Who, what, when, where, why & how?
There is no way of guaranteeing editorial coverage. Newspapers are private, independent businesses and it’s entirely their decision what goes into editorial pages. The only way to guarantee coverage is to pay for an advert.
However, ways to improve your chances include using website content for copywriting press releases and sending on time and to the relevant publication. We can put your copy forward for media coverage in this way.
Think about who would be interested in your story and use a template to write your press release. Make sure essential information is stated early on; who, what, when, where, why, how.
Journalists need to see quickly what your event or story is about so don’t hide information away. Make the headline as compelling as you can but make it simple. You need to grab a journalist’s attention so use the most exciting thing about your event you can think of.
Make your first paragraph fantastic as this may be the only part of the article that’s printed; journalists read hundreds of press releases a week so keep them interested. Who is organising the event and who will be there? Where and when will it be held? What is happening and why?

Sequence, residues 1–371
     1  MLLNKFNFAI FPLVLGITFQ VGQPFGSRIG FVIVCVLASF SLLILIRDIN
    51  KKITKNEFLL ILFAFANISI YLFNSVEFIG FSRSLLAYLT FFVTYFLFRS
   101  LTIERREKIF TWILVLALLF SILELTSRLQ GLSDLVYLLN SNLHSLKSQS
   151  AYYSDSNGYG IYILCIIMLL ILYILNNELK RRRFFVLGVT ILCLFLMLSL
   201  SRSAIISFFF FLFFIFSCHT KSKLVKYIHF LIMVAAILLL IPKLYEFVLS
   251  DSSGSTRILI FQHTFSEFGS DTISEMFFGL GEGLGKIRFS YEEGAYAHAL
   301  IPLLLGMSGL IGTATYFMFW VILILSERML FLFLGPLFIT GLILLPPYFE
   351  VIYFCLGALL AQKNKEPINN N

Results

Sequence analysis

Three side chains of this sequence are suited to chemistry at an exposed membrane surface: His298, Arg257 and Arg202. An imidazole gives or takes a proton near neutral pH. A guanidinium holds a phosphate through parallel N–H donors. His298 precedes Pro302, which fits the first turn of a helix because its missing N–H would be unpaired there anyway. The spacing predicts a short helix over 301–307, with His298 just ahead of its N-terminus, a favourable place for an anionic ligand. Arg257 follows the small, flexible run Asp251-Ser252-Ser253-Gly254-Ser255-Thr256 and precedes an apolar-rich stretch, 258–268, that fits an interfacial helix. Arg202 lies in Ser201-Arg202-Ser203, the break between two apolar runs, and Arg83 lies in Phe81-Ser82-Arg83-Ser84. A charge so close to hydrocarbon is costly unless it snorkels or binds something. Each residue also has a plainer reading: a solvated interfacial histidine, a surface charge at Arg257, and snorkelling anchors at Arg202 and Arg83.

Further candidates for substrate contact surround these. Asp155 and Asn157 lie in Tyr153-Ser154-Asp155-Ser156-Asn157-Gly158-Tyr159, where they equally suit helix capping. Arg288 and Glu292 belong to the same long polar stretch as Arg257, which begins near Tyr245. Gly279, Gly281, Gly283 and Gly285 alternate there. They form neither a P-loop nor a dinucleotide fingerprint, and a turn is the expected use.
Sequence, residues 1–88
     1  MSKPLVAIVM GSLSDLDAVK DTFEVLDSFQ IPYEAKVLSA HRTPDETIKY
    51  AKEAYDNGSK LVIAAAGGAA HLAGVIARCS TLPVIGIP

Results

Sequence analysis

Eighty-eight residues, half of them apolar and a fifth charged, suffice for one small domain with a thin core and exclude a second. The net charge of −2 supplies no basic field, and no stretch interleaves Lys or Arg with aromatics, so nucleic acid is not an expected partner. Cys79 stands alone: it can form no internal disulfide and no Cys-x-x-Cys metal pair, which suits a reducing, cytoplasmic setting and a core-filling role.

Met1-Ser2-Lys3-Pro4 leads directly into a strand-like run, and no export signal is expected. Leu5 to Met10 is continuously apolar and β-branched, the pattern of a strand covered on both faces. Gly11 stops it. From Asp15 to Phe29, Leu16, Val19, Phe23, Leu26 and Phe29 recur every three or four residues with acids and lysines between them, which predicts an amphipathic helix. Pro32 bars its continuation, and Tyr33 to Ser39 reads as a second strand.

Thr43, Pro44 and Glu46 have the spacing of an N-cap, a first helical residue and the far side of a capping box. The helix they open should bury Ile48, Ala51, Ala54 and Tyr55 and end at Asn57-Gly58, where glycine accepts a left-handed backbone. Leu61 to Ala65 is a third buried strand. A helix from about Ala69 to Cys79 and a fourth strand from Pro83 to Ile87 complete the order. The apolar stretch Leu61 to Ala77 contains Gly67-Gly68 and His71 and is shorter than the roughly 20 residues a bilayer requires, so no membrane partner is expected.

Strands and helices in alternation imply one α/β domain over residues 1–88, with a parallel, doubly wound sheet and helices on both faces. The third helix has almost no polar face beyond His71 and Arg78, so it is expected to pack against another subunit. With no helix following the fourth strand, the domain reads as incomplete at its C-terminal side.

Try to write your paragraph as if you were explaining to a friend. Think of a hook to grab attention; is there a compelling human interest story about a local person? Will a celebrity be making an appearance? Is there a world record being broken? Include case studies and use the story telling approach of problem, solution and results.
Try to paint a visual picture in your press release and send in a relevant photograph. Always try to create a photo opportunity to which you can invite local photographers. Supply a quote from a local celebrity, councillor or family but remember to get permission.
You should include contact details at the end; for interviews, media information and pictures.
Send your press release in the body of your email (not as an attachment) and buy the printed copy.